If we explore the San Sebastiano clockwise, we first see the epitaph of a certain Saint Eutychius on the wall directly to the left of the entrance (see the image above). He is another one of those obscure martyrs whose relics are kept here and have been venerated for centuries. The epitaph is a good once: it was dictated by Pope Damasus I (366-384) and carved into stone by the famous fourth century calligrapher Filocalus, the man responsible for the Chronography of 354 mentioned above. Obviously the slab that the text was chiselled into is not in its original position; it used to be in the catacombs down below, where the relics of Eutychius were kept. Above the epitaph is a small tabernacle attributed to Mino da Fiesole (ca. 1429-1484).
To the right of the inscription is the chapel containing the tomb of Saint Sebastian. The chapel was executed by Ciro Ferri (1634-1689) in 1672. The true highlight here is the beautiful sculpture of the saint, again hit by three arrows (made of gilded bronze) and resting his head on a suit of segmented Roman armour (lorica segmentata). Apparently there is confusion about who sculpted this Sebastian: was it Antonio Giorgetti (1635-1699), who was a student of Gian Lorenzo Bernini, or was it his younger brother Giuseppe Giorgetti? There seems to be consensus now that the sculpture is in fact Giuseppe’s work, after a design by Ferri.
In the sanctuary we find an altar which was made from an ancient sarcophagus dating back to the fifth century. It was clearly a Christian sarcophagus, as we see three scenes that are distinctly Christian: the arrest of Saint Peter (left), Christ and his two chief apostles (centre) and the raising of Lazarus from the dead (right). There is no longer any image of the deceased on the lid of the sarcophagus. Either the object never had such an image, indicating that it was never used for a burial, or it was removed a long time ago.
On the right side of the nave, at the back, we find the large Albani Chapel. It was commissioned in the early eighteenth century by Pope Clemens XI (1700-1721), who had been born Giovanni Francesco Albani and was actually of Albanian descent. The chapel was designed by Carlo Fontana (1634/38-1714), who worked on the chapel between 1706 and 1712, before leaving and letting others finish it around 1714. The Albani Chapel replaced a previous chapel designed and constructed by Flaminio Ponzio (see above). Both were dedicated to Pope Fabianus (and the Albani Chapel still is). Fabianus was bishop of Rome from 236 until 250 and was martyred during the persecutions launched by the emperor Decius (249-251). He was buried in the Crypt of the Popes in the catacombs of San Callisto, but his remains were later translated to the San Sebastiano. The reason may have been that Fabianus and Sebastian share a feast day (20 January).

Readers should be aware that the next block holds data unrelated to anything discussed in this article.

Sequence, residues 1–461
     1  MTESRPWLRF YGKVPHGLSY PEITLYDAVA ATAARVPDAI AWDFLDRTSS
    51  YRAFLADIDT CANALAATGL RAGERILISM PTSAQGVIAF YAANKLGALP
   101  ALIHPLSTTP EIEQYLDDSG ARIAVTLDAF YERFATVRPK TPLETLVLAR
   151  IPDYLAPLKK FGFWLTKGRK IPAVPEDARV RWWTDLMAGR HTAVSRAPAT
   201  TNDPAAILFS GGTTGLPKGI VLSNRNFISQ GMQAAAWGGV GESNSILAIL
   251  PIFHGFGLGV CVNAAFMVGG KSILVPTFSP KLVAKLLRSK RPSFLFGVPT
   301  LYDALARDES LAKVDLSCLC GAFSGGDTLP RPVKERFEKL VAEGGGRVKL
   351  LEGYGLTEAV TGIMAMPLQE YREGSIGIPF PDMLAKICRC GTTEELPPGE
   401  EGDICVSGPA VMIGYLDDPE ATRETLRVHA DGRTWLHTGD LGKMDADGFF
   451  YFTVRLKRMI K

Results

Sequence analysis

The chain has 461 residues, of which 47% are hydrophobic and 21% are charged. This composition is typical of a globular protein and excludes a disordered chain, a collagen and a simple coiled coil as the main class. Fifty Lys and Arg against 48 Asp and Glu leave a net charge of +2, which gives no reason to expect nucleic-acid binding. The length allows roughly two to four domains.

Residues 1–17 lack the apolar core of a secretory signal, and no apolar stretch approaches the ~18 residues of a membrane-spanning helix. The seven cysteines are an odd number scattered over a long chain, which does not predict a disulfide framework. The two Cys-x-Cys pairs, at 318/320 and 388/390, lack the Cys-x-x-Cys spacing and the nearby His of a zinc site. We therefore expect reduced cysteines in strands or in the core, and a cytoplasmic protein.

The relics of Pope Fabianus were enshrined under the altar of the Albani Chapel, but parts of them ended up in the Chapel of the Relics, also on the right side of the nave. This chapel will no doubt be of greater interest to religious pilgrims than to casual tourists and history enthusiasts. However, it does contain a piece of basalt stone with the alleged footprints of none other than Jesus Christ himself. The footprints were originally in the small church of Domine Quo Vadis about a mile further to the north. The name of the church refers to a (surely fictional) incident that is supposed to have taken place here. It is mentioned in the apocryphal Acts of Peter. Saint Peter tried to flee from Rome to escape from the persecution of Christians by the emperor Nero. While walking along the Via Appia, he suddenly met Christ who was going the other way. Peter asked the Saviour Domine Quo Vadis? (“My Lord, where are you going to?”) Christ, apparently as fluent in Latin as Peter, answered Eo Romam iterum crucifigi, “I am going to Rome to be crucified again”. Now obviously Peter was not going to let that happen. He turned around, went back to Rome and was crucified there himself (see Rome: San Pietro in Montorio).
The footprints were taken to the San Sebastiano in the early sixteenth century; the Domine Quo Vadis now only has a copy. Unfortunately for pilgrims the footprints have nothing to do with Christ, nor with Christianity. They were originally a votive offering by a pagan traveller who had returned safely from a journey.
The final highlight in the church is the bust of Jesus Christ as the Salvator Mundi (Saviour of the World), which is generally attributed to Gian Lorenzo Bernini (1598-1680). It can be found directly to the right of the entrance. The sculpture was Bernini’s last work, executed in 1679 when the artist was already an octogenarian. The Salvator Mundi was somehow lost during the eighteenth century, but was ‘rediscovered’ in the monastery adjacent to the San Sebastiano as late as 2001. There can be no doubt that it is a splendid sculpture.
- Cambridge Dictionary of Classical Civilization, Paperback edition 2008, p. 171;
- Capitool Reisgidsen Rome, 2009 Dutch edition, p. 265;
- Fik Meijer, Via Appia, p. 116 and p. 119-121;
- Henk Singor, Constantijn, p. 271 and p. 283;
- Information panel in the church museum;
- Luc Verhuyck, SPQR. Anekdotische reisgids voor Rome, p. 42 and p. 45;
- San Sebastiano fuori le Mura on Churches of Rome Wiki.
 Cambridge Dictionary of Classical Civilization, Paperback edition 2008, p. 171.
 Henk Singor, Constantijn, p. 271 and p. 283.
 He is still vilified as the man who had Saint Catherina of Alexandria executed. The execution is supposed to have taken place in Alexandria, which was way outside the territories controlled by Maxentius (see Milan: San Nazaro in Brolo).